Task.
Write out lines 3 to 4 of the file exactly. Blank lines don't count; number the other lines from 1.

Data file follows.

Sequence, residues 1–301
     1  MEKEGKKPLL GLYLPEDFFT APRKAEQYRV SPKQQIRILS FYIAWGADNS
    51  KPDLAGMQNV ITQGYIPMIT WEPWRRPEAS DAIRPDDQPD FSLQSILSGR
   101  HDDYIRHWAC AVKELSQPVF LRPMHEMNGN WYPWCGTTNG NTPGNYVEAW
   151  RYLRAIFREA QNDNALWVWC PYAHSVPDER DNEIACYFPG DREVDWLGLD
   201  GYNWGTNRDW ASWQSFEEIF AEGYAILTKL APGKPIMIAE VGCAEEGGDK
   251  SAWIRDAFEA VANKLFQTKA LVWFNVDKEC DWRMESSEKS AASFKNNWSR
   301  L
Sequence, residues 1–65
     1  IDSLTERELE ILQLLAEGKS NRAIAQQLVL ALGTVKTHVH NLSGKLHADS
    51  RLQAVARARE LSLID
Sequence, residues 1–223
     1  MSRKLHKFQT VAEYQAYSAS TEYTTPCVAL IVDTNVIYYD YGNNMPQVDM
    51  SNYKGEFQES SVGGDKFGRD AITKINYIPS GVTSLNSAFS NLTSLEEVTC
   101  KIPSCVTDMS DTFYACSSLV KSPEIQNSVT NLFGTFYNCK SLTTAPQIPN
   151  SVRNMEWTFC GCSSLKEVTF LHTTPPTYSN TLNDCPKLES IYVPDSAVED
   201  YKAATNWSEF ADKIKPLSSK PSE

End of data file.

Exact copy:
    51  KPDLAGMQNV ITQGYIPMIT WEPWRRPEAS DAIRPDDQPD FSLQSILSGR
   101  HDDYIRHWAC AVKELSQPVF LRPMHEMNGN WYPWCGTTNG NTPGNYVEAW